Newey: 'Max unintentionally does that to his teammates'

F1 News

Adrian Newey on how to be a teammate of Max Verstappen
27 September at 18:13

Adrian Newey managed to help no fewer than seven F1 drivers win an F1 title with his excellent car designs. In the Beyond the Grid podcast, the Brit gets a question he hasn't been asked before. 'Which two of those champions would make the best driver pair?' Newey includes in his answer what it is like to drive alongside a driver like Max Verstappen.

Which champions will be in 'Team Newey'?

Newey was involved in designing the cars in which Nigel Mansell, Alain Prost, Damon Hill, Jacques Villeneuve, Mika Hakkinen, Sebastian Vettel and Max Verstappen became champions. The Red Bull Racing designer can be seen as the best designer F1 has ever seen. Although Newey is the man behind the aerodynamics of the RB19, he also has interesting things to say about the drivers he has worked with in his F1 career.

The Brit would not answer the question of which two of the seven drivers mentioned would make the best driver pair. Newey: "In the process of doing that, I'm favouriting and singling out someone, and I don't think that's fair. Any world champion is clearly a great driver. All those guys are very different in their character and their makeup. Some of them have a very high level of self-belief, and I think that has been one of their keys, but not all of them. They're so different."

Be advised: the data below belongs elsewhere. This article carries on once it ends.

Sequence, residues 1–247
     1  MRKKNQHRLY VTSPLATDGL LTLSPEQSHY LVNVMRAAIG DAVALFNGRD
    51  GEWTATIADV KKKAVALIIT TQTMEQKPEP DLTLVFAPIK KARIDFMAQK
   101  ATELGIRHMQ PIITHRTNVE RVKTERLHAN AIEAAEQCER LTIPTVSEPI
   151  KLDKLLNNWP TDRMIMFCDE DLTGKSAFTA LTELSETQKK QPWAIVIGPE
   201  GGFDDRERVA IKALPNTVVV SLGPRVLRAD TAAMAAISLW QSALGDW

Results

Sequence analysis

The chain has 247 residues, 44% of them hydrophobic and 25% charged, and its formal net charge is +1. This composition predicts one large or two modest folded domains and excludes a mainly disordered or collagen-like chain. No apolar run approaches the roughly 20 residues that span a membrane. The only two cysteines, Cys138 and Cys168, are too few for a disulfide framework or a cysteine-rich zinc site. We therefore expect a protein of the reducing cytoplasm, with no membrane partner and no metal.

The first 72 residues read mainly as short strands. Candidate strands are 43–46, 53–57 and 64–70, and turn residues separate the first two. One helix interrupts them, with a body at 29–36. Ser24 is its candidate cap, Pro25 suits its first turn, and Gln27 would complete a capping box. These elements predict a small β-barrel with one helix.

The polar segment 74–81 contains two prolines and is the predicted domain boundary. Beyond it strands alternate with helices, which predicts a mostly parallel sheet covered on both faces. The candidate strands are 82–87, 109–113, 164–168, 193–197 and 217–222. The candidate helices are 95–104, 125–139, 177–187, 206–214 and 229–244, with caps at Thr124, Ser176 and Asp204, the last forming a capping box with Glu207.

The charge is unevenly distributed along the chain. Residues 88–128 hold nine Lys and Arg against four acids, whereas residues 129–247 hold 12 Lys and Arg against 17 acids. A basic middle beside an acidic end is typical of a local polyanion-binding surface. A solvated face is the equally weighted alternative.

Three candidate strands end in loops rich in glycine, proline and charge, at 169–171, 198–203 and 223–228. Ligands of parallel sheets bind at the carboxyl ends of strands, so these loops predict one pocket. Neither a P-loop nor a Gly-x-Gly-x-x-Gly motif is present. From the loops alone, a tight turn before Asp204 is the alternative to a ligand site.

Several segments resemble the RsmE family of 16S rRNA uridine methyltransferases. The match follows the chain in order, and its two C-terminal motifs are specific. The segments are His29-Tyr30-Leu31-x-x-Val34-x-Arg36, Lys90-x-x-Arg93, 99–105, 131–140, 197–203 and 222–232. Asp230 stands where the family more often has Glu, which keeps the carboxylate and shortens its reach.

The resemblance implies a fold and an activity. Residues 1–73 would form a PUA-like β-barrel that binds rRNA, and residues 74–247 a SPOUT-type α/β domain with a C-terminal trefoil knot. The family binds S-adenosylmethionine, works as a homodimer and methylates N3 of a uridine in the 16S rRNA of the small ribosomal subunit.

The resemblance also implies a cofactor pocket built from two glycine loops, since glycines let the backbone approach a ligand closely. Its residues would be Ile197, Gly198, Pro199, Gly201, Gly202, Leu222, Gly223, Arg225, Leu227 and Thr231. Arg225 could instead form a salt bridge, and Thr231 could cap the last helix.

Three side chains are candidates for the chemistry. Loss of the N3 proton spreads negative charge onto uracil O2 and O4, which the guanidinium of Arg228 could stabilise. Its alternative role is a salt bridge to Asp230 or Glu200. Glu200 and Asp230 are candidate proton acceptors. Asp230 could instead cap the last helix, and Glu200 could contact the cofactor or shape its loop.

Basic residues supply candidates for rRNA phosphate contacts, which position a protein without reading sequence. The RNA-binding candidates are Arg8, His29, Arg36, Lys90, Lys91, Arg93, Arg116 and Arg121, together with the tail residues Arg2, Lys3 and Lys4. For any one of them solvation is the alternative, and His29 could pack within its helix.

Newey is somewhat surprised by the question. Normally, the designer gets asked precisely who he thinks is the better driver. Newey calls it interesting to think about who would make good teammates: "What a teammate wants to is, especially if they are young and ambitious, is show that he is the best, and he probably comes in thinking that he is the best. That can then just destroy a driver's self-confidence."

Albon found speed Verstappen hard to grasp

Working towards Verstappen in his reply, Newey recalls how Alexander Albon dealt with the Dutchman's speed: "I think Max [Verstappen], with his incredible ability, has done it, but not by any deliberate action. I think Alex [Albon] struggled to come to terms with how quick Max was, as did Pierre Gasly and others examples, so if you're going to have two teammates where one is exceptional and the other is brilliant but not quite at that level, the other one needs to be somebody who will, at some point, accept that he certainly can't beat Max, for instance, on pace, you're going to have to do it in some other way."

Newey concludes by saying that Max cannot be beaten on speed, but there are always possibilities: "It has been done. If you look at Nikki [Lauda] and Alain [Prost] against each other, then Alain always was the quicker driver, but Nikki managed to win the championship, and you could probably argue the same for Nico [Rosberg] and Lewis [Hamilton]."